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What is the oldest straight razor you own?

Probably my oldest blade atm. This Samuel Norris S:Norris stamp could make it as early as 1767. View attachment 938712 View attachment 938713 View attachment 938714
OMG OMG OMG.... guess what I'm about to post?
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The "*P" mark, marks it as a Fox&Norris. There is absolutely no indication of any names on the blade or tangs (I've seen Sam Norris blades bearing his name, even with a *P, as well as a few with names of the Fox Brothers). By my estimate this could be as old as 1735 - 1738 when the oldest of the two Fox brothers and matthew norris were granted freedom (and possibly started using *P mark) or as late as the 1790s (when the last of the Fox's died the 'fox and norris' brand was no more).

At the very least - the strop/box was made by Crenet Fils, a parisian cutler who did work around 1800-
 
That's an awesome blade. Yeah, I think when Norris solely had that mark he modified it slightly so you can differentiate those examples. I suspect there may be overlap in the years with our blades, though if I had to guess, if mine is the early end of the range for my mark, maybe yours is 10-15yrs older maybe? It's a miracle they're both in the shape they're in.
 
That's an awesome blade. Yeah, I think when Norris solely had that mark he modified it slightly so you can differentiate those examples. I suspect there may be overlap in the years with our blades, though if I had to guess, if mine is the early end of the range for my mark, maybe yours is 10-15yrs older maybe? It's a miracle they're both in the shape they're in.
what makes me think it was not a sam norris *P is that the only examples I've seen of those were made late enough to actually have some shoulder and shaped more like an early 19th cent. razor than the one I have - which is certainly shaped like an 18th cent. razor.
 
I think the later era P is a bit different in shape as I recall.
so i'm trying to reimagine the age of these razors by "generation count". Let's say you started shaving in your teens and give it up into your 80s, this gives an average of 60 years...a good place to start. Which means a razor like that fox&norris could possibly have been purchased by my great-great-grandfather (i.e. i'm the 5th generation). So far all this makes sense, razors from the early 20th cent. I've seen are that are handed down are from peoples "grandfathers", so it checks out.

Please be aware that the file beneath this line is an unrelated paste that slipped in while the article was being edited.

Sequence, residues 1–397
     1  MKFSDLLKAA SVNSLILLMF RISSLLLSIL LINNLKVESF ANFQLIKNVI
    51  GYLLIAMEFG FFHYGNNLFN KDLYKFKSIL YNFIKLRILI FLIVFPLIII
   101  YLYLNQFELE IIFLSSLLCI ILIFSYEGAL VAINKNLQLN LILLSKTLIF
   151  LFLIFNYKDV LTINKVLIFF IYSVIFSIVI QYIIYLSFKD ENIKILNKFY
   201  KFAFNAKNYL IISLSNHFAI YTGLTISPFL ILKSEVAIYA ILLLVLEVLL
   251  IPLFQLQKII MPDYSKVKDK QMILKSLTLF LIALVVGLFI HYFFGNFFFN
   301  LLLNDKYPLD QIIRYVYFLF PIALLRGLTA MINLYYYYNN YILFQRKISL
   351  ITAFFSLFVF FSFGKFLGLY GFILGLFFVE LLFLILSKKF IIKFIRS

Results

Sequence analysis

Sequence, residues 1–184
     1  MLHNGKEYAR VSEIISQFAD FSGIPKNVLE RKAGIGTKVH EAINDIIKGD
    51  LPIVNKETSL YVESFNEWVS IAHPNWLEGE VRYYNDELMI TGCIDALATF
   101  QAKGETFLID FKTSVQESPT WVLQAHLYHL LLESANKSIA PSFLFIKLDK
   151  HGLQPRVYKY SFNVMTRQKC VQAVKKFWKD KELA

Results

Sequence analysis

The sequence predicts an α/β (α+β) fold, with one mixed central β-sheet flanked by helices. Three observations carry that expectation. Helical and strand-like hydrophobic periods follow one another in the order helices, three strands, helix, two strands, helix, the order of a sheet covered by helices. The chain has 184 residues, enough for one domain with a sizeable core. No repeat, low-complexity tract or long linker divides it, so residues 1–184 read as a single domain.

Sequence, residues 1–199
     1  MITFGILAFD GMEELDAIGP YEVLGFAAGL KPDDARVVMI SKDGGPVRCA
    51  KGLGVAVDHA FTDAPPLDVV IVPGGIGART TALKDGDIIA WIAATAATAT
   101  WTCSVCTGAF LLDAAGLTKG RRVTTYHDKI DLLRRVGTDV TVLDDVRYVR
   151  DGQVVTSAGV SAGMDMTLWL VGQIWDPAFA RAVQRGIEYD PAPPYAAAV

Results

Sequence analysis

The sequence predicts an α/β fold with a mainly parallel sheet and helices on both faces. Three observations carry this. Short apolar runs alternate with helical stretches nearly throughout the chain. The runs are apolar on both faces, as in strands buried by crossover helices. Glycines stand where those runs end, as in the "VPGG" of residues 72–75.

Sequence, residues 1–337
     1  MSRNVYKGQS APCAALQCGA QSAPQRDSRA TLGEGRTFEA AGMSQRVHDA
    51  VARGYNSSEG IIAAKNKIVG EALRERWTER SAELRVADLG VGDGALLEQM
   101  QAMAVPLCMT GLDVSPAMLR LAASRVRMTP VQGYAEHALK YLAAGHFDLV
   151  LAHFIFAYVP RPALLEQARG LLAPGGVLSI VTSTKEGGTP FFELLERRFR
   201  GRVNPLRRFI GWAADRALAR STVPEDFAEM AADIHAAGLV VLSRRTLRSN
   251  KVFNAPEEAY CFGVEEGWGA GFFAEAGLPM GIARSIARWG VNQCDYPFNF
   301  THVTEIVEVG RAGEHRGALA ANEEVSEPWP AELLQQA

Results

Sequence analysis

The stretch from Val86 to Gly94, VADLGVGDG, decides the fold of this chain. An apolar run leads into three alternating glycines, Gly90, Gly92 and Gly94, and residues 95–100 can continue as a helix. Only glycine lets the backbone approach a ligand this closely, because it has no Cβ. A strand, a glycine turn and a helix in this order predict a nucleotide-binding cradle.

But here's my issue: by my count, my great-great-grandfather - or say my great grandma's father, prbly lived between 1880 or 1890 to about 1950 or so, seeing as how my great grandma died in 2016 at 104....so who was newly buying a razor in 1765 - 240 years before I newly bought mine.
 
Life spans were much shorter back then. Most of them were put away never to be used again I reckon. Know how you can tell which kept going, they got hollow ground, unfortunately.
 
Life spans were much shorter back then.
not in my family, lol - did you not read what i said about my 104 year old great grandma? :p

But yea, that's true on average...hmm, interesting. so 1760-1800 was potentially even 6 or 7 generations back?

OOH, no i see what I did wrong, generations in shaving last about 30 years, same as when you study sociology or smthg. Cuz if you shave till you're 70 or 80 it's your GRANDSON you're giving your razor to, not your son. so I'm the 9th generation possessor of this razor :D
 
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not in my family, lol - did you not read what i said about my 104 year old great grandma? :p

But yea, that's true on average...hmm, interesting. so 1760-1800 was potentially even 6 or 7 generations back?

OOH, no i see what I did wrong, generations in shaving last about 30 years, same as when you study sociology or smthg. Cuz if you shave till you're 70 or 80 it's your GRANDSON you're giving your razor to, not your son. so I'm the 9th generation possessor of this razor :D